The thesis uses a naturalistic perspective derived from Darwin’s theory of the origin of species by natural selection to propose that human beings and dogs co-evolved in an interdependent relationship which needs to be taken into account by makers of public policies about urban dogs. An association with dogs is thus one facet of human nature and vice versa. The perspective is used to explain both the othering of animals by the human species and also the long and close association which the human species has with dogs. The complexity of that association is examined by reviewing quantitative and qualitative research data. The evolution of western thought about animals is followed through legislation on urban animal management, with particular reference to legislation in the Australian Capital Territory. Fieldwork included a visit to Jaipur, India. Refinements of Darwin’s theory which are used to further the argument for the co-evolution of human beings and dogs include the extended phenotype, cooperation to compete, exaptation, and the functional branch point and punctuated equilibrium in evolution. The naturalistic perspective used here is offered as a way of leavening the discourse of control of urban dogs that is argued to be the orthodox philosophy of urban animal management. Examples of the application of the naturalistic perspective are described. It is concluded that access to dog keeping is a deep seated biological need of the human species and should be fostered by policy makers.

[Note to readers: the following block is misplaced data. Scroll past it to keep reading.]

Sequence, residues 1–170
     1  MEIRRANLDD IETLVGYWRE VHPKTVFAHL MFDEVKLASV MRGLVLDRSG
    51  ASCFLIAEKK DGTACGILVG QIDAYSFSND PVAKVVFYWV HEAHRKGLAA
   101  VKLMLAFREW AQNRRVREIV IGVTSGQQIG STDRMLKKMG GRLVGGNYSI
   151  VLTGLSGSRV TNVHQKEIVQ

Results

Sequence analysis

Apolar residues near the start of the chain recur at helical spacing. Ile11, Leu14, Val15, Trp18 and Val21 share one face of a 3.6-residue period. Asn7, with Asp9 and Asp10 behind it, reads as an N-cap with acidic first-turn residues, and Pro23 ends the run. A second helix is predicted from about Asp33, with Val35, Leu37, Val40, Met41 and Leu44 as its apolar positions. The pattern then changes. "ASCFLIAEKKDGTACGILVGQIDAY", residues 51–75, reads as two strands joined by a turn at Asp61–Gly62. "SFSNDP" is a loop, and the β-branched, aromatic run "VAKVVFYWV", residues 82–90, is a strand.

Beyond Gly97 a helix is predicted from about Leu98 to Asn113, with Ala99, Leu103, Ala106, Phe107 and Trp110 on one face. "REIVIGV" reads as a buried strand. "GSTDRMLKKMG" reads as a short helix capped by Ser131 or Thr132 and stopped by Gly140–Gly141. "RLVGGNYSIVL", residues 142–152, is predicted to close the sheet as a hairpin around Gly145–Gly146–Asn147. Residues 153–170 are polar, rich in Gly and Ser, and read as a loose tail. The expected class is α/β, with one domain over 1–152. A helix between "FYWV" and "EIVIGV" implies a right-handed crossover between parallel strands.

|Degree||Doctor of Philosophy|
|University||The Australian National University|
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